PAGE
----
Behind the scenes, things were far from settled. While Uncle Louis and Philip’s cousin, King George II of Greece, were pushing for the match, King George VI remained opposed. Any mention of a marriage set his teeth on edge. He found many reasons to object. He didn’t want to support the troubled Greek royals: at the start of the war, he wouldn’t allow them to come to England although he later relented. He continued to insist that Elizabeth was too young, even after she turned 18 and began serving as a Counsellor of State. He also objected to Philip himself; he liked him, but he thought the young prince was simply too boisterous.

The Greek king and Lord Louis were turned down flatly. So, they abandoned their head-on campaign for a more roundabout route, focusing instead on securing British citizenship for Philip. Meanwhile, Elizabeth and her beloved found more ways to see each other, sometimes arranging to meet under the chaperonage of her aunt, the Duchess of Kent, who was a former Greek princess.

With the end of the war, Elizabeth was able to launch her own vigilant campaign to select her bridegroom. It was then that the king’s greatest objection became clear. As happens with so many daddies, he could not bear to lose his daughter and break up his own happy family. Elizabeth remained resolved and Philip was frequently invited to the royal residences and the two met discreetly at the homes of loyal friends and family.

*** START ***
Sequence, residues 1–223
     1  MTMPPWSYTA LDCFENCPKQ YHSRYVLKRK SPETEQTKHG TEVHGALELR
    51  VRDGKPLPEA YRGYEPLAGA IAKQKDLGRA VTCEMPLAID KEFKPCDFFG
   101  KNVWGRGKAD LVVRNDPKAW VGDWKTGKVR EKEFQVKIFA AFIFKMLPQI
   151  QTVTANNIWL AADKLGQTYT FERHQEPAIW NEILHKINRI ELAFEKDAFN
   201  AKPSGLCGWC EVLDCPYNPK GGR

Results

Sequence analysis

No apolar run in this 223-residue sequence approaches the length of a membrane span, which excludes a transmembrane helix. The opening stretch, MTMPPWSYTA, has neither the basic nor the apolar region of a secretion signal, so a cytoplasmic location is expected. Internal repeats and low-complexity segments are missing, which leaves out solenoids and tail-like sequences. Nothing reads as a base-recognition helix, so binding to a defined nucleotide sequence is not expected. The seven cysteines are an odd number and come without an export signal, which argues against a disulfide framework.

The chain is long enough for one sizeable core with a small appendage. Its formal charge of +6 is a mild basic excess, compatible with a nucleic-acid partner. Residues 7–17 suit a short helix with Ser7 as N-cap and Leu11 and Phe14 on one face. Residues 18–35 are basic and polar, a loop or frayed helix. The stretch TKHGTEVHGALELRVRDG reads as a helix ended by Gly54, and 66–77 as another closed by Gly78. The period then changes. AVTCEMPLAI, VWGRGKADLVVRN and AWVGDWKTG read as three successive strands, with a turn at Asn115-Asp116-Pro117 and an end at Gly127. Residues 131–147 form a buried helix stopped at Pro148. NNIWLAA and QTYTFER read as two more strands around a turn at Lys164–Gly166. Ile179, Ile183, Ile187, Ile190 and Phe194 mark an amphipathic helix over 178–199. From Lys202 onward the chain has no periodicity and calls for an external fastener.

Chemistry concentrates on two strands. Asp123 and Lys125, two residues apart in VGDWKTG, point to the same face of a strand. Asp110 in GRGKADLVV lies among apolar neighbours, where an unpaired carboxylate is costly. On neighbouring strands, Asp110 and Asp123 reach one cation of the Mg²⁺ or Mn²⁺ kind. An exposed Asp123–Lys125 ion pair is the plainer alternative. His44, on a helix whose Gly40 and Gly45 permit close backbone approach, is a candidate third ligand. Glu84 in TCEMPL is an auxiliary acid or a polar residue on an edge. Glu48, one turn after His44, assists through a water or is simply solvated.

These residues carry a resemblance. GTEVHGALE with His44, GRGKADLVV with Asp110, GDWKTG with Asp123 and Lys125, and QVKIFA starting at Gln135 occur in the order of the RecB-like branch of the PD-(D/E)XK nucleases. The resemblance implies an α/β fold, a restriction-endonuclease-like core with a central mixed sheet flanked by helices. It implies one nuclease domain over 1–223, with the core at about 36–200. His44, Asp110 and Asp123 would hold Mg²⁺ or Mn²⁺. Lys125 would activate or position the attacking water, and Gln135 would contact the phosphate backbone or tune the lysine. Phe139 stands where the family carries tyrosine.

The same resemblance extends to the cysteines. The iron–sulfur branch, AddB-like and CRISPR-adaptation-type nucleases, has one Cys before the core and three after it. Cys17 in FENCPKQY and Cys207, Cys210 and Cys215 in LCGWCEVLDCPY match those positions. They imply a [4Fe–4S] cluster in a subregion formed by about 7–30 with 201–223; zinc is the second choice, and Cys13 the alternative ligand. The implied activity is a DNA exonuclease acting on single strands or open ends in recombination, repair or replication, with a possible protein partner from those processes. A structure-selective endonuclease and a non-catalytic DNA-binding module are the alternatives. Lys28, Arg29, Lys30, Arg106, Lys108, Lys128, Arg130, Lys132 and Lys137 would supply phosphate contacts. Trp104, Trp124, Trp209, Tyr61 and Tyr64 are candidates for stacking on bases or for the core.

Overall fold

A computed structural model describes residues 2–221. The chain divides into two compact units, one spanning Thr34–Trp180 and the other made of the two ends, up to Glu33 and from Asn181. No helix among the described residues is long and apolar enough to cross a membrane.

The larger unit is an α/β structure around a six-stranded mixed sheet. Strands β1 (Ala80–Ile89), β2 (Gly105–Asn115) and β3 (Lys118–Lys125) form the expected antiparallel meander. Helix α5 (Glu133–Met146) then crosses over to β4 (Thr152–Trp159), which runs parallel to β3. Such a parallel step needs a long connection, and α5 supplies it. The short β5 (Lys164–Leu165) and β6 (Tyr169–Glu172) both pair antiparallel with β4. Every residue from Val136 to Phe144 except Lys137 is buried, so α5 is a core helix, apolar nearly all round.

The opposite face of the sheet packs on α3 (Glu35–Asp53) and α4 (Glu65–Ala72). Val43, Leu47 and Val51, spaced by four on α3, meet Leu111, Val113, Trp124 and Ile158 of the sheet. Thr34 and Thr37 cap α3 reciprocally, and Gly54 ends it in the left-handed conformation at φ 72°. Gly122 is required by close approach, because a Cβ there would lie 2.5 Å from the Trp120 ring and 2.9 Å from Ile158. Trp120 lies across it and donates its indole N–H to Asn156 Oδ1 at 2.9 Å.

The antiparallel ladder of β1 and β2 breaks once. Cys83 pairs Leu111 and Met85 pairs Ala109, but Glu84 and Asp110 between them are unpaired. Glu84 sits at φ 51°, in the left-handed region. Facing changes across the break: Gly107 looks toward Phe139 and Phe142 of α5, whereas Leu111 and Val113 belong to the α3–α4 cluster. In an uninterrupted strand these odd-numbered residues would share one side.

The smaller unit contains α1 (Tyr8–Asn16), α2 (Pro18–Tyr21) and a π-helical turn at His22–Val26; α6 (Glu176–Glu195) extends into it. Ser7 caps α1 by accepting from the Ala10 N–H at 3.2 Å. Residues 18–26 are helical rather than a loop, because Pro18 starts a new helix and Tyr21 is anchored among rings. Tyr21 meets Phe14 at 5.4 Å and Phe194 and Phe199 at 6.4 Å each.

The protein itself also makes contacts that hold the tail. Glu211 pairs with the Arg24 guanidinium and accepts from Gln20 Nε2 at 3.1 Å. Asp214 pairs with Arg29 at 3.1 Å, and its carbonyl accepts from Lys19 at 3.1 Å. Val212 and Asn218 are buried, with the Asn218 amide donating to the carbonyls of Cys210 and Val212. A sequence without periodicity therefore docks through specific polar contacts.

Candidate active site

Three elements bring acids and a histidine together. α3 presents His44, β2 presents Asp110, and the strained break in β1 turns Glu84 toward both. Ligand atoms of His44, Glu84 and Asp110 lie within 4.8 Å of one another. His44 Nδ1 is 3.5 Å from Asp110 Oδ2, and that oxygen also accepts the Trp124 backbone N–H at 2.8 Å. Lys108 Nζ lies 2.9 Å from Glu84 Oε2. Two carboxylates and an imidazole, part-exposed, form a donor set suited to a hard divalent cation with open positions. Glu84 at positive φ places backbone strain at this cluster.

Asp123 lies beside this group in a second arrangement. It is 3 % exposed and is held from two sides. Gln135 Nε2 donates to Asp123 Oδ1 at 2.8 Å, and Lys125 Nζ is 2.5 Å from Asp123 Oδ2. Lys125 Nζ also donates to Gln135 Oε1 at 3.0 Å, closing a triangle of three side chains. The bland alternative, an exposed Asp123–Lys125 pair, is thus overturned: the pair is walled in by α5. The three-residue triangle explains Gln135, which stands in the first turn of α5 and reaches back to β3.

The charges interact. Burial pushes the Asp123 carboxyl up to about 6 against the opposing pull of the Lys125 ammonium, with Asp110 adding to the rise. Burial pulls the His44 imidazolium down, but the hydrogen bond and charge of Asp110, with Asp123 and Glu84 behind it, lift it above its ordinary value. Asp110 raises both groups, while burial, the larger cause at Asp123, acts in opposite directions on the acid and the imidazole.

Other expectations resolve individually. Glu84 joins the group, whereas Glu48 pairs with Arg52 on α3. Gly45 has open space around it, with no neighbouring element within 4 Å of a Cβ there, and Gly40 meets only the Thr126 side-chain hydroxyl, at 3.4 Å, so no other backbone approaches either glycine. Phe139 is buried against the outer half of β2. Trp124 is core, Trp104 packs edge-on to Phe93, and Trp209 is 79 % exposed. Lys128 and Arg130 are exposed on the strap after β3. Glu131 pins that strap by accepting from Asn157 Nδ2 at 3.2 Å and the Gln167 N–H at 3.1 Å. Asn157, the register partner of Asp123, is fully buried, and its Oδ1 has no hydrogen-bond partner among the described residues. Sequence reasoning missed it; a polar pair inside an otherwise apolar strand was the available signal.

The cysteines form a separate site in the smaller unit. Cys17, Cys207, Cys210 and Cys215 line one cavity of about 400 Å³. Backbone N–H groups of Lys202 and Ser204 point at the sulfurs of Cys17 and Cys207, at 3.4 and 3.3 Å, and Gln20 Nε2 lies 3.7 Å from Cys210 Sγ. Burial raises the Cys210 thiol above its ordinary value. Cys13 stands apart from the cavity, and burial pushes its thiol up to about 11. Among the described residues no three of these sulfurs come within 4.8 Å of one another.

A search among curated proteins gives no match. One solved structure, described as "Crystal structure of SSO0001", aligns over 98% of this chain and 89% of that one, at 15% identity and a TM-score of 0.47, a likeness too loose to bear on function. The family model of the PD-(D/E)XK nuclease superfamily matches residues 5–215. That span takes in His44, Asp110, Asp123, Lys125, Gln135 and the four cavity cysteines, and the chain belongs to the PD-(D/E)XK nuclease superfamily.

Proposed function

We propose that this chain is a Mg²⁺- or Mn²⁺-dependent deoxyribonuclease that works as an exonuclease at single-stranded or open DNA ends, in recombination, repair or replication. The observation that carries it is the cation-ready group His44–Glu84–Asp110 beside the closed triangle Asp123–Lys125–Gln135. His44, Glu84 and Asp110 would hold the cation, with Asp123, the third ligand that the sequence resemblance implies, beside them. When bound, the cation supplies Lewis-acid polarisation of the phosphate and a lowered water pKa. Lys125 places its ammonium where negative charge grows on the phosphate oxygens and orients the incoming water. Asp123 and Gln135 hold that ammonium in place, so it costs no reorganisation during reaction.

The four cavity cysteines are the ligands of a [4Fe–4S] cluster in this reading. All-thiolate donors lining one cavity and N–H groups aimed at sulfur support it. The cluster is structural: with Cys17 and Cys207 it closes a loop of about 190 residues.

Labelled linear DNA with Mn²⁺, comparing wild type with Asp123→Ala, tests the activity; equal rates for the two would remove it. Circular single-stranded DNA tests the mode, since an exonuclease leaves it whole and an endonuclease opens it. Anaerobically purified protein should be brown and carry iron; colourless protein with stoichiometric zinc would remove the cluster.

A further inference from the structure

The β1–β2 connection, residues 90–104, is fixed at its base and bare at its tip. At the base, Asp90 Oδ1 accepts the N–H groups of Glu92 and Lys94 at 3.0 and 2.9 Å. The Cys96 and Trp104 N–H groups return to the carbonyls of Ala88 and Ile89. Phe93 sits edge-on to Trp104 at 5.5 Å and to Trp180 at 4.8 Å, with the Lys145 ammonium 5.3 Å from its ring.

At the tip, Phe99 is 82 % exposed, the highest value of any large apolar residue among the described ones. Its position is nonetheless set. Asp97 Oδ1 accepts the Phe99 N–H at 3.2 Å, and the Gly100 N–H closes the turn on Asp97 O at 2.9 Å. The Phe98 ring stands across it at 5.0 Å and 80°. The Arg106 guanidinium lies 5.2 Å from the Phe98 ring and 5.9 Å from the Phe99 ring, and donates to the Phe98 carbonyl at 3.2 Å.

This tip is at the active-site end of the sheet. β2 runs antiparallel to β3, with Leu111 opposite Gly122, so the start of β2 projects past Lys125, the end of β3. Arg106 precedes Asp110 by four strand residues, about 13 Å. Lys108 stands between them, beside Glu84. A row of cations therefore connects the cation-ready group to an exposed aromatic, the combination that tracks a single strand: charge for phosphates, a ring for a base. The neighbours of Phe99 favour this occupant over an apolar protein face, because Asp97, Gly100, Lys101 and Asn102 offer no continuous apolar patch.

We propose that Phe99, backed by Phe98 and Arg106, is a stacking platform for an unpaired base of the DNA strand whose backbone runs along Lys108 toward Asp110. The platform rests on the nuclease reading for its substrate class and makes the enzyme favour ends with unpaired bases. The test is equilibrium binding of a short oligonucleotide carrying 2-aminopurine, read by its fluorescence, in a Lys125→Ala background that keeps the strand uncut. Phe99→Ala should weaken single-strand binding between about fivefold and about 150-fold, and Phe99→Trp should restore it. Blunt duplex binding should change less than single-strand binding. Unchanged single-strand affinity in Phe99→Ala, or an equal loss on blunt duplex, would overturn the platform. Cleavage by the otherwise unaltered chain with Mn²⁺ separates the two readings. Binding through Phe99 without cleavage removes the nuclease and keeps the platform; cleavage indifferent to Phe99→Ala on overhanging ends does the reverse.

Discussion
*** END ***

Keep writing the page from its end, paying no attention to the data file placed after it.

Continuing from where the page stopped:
In 1946, during a walk on the grounds of Balmoral in Scotland, after an eight-year courtship, the 25-year-old Prince Philip finally asked the 20-year-old Princess Elizabeth to marry him. She accepted immediately and without her father’s permission. When she told King George, he begged her not to announce anything for a year, until after the royal family returned from a tour of South Africa. Although the king harbored a secret hope that she would change her mind, Elizabeth knew that time and distance could not alter her love for Philip. After all they had been frequently separated throughout the war.

In February 1947, the royal family set sail for South Africa—Philip was not invited to bid his fiancĂ©e goodbye at the docks and any whispers of the secret engagement were ignored or denied by the palace. While Elizabeth was away, Philip became a naturalized British citizen, foregoing his royal title and taking on his uncle’s surname. He was simply Lt. Philip Mountbatten. Elizabeth also celebrated her 21st birthday during the trip and finally melted the last of her father’s defenses.

On July 10, 1947, the palace finally announced the betrothal. “We feel very happy about it, as he is a very nice person,” her mother wrote. Winston Churchill noted that the wedding, which took place that November, “was a splash of colour” in the dark world of post-war Britain. As the nation celebrated, no one was happier than Elizabeth herself. She had never faltered in her love for Philip and she had fought to make him hers.

Despite the inevitable ups and downs of marriage and particular pressure of a life lived in public, more than 60 years later, she loves him still. I imagine that there are still moments when the 84-year-old queen looks at her nearly 90-year-old husband and still sees that dapper, blonde 18-year-old jumping over tennis nets and chasing after her boat.

1 comment:

  1. What a sweet story! I had no idea that there was a disapproving father, boat chases, and secret meetings behind the love of Queen Elizabeth and her consort. Or even that they had married for love. This is precious!